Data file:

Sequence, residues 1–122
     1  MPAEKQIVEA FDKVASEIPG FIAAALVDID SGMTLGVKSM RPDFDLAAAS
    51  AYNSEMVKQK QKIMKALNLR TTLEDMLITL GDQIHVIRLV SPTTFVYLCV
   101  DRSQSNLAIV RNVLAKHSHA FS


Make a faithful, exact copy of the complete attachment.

Sequence, residues 1–122
     1  MPAEKQIVEA FDKVASEIPG FIAAALVDID SGMTLGVKSM RPDFDLAAAS
    51  AYNSEMVKQK QKIMKALNLR TTLEDMLITL GDQIHVIRLV SPTTFVYLCV
   101  DRSQSNLAIV RNVLAKHSHA FS